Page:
The following is a short chapter from Establishment of Unity by Archbishop John (Shahovskoy).
He had been taken as a seven year old boy, from a Jewish family of the Chernigov province, into the Cantonists during the time of Nikolai Pavlovich [Nicholas I]. When he was a colonel at General Headquarters and a talented astronomer, he visited his poor Jewish family in Chernigov province. It is hard to imagine what that meeting was like. What he said and what they said to him, I do not know. He was already a convinced and profound Orthodox idealist and had his own believing family. It is only known that he displayed a love that would be understandable to his old Jewish family.
Forcefully taken and sent to an elementary school somewhere in Kazan, the poor Jewish boy felt all the bitterness of being abandonded by people but all the sweetness of being protected by angels. Basically, when he was still a child, against his will he was “tonsured” into a new life and, of course, his second and real tonsure in his elderly years separated him from his previous life than that first stern hand of Nikolai’s Chernigov province official.
The boy’s businesslike, sharp mind quickly and obediently adapted to his new situation. Not receiving baptism conscientiously, he quickly filled up his consciousness with those grains of revelation which fell to him from the catechists table at his first school. It was not hard for him to study. What was hard was for him to tolerate the low level of morality of his classmates and even of the teachers. With a broken heart and pain he would remember that first period of his introduction into the Orthodox world.
Then there was secondary school. As a talented student he was sent on for further studies. After graduating from the military academy as an officer with great capabilities, the young man was sent to the Academy of General Headquarters to the land-surveying department. He left as one of the few military astronomers, worked in Pulkovo, went on assignments throughout Russia, occupied an important post in Siberia, and went up in the ranks and in his own self knowledge.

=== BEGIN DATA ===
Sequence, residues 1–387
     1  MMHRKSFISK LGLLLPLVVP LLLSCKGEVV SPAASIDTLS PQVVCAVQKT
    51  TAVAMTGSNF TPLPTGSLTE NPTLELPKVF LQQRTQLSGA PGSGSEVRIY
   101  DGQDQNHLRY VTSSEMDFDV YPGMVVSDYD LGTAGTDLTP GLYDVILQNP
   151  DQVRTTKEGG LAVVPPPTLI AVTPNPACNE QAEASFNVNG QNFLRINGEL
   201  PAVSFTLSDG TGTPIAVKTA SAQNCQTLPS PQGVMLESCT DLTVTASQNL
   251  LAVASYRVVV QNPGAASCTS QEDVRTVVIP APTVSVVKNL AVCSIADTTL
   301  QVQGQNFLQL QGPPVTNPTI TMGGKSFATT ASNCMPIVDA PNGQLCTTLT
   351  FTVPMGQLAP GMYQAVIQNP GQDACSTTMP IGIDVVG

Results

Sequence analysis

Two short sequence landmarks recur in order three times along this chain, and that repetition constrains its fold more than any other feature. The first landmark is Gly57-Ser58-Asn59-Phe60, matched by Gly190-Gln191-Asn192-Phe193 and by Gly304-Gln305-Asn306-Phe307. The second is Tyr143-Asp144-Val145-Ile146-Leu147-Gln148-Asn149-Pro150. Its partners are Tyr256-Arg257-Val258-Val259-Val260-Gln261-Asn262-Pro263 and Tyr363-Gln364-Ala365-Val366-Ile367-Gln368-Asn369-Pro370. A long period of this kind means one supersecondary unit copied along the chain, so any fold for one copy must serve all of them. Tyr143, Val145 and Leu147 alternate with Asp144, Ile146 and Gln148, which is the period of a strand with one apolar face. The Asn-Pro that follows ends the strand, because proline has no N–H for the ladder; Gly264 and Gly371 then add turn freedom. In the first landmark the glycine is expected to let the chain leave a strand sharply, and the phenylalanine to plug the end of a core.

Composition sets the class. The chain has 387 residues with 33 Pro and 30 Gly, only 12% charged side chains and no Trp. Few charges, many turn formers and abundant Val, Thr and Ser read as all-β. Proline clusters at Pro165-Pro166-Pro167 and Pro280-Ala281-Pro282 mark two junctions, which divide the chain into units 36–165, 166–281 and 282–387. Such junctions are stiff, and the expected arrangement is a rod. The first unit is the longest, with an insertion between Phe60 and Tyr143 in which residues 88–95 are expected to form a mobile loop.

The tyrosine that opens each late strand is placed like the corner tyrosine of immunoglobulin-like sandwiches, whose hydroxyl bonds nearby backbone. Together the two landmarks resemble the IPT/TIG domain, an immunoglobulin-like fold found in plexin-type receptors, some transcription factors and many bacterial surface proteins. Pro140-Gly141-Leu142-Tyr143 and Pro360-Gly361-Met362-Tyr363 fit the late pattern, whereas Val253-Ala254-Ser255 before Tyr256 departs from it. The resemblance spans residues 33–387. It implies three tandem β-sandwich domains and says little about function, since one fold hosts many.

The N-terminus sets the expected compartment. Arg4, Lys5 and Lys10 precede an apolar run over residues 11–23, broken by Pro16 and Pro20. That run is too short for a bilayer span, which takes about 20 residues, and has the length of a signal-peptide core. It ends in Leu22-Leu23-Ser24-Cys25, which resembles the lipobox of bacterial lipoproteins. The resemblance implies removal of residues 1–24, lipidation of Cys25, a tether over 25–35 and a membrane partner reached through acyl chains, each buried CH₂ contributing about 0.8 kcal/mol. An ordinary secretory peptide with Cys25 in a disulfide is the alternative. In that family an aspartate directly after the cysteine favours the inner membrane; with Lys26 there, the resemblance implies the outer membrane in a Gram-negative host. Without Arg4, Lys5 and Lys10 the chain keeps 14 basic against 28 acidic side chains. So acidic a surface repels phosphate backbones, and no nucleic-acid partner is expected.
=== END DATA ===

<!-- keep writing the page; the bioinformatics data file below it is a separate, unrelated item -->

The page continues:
He got attached to the Church passionately with all his bright Jewish personality. At the time when I knew him, he looked very much like an Old Testament patriarch. He had a large, pinkish-white, cultured face and a very pure, childlike, wise, and calm eyes.
When he lived in St. Petersburg, he became friends with the well-known (in church circles) Fr. Sergei Slepyan, an English Jew, full of love for Christ, who converted to Orthodoxy and became a priest in Russia. These two Jew-Christians who had solid social standing in Russia, dreamed about a time when the creative Word of God would call into existence an Orthodox Jewish Church. It would probably be more universal than local. The New Israel would surely blend with the already existing Apostolic New Israel, that is, Christianity, the Kingdom of God’s children, among whom there is neither Greek nor Jew.
“I am New Israel,” would Mikhail Pavlovich joyfully and triumphantly tell me. I often visited him. It would happen that I would come and, standing in the yard in front of the door, would see him from behind slowly praying. He especially liked to pray with the Psalms; it was obvious that he felt, as no one else, their essence and was experiencing exactly what King David had experienced. “O God, be attentive unto helping me; O Lord, make haste to help me,” [Psalm 69:1] he repeated with joy and self-denial.
I loved him very much. In him I saw a living personification of the promise of God given to the Jewish people. By the beginning of our acquaintanceship, he walked with two canes but rather briskly. Using them like oars, he walked and the only thing that was hard for him was to stop when he needed to on the street. His life was getting close to 90.
St. Gerasimus of Palestine [of the Jordan] had a special meaning for him. He communicated with saints as with real people. His life consisted of prayer and recording the barometric pressure and temperature. His hand wrote it as if by itself, though he had no use for it now, and he could not refuse it.
Mikhail Pavlovich’s hair was uncut; white and silky, the locks fell right on his silver general’s shoulder straps. At all times did he come to communion in his uniform.
His lunch was delivered from the local Russian refugee organization. I mention this detail as it is connected with one of Mikhail Pavlovich’s qualities (the best quality in a general), that is, humility. In regard to this service, he happened to grumble at the director’s wife, and that little sin immediately became an obstacle to his unceasing prayer. And Mikhail Pavlovich decided to pull this sin out with its roots. The next Sunday, at the door of the church, he, before all the people, in full general’s uniform, he dropped to his knees before that elderly lady and asked for forgiveness. Some of those who themselves did not yet completely know why they went to church smiled. And particularly due to the inevitability of such smiles was Mikhail Pavlovich’s humility revealed.
He died because his time had come. After his final communion on the Dormition of the Mother of God, I visited him. He lay in bed and sang in an old, shaky voice, “In giving birth thou didst preserve thy virginity; in thy dormition thou didst not forsake the world, O Theotokos.” The long awaited was coming; he was going to his God. He was returning to his Heavenly Father carrying the cup of his life, filled to the brim.
1. For more information on Cantonists, see Wikipedia.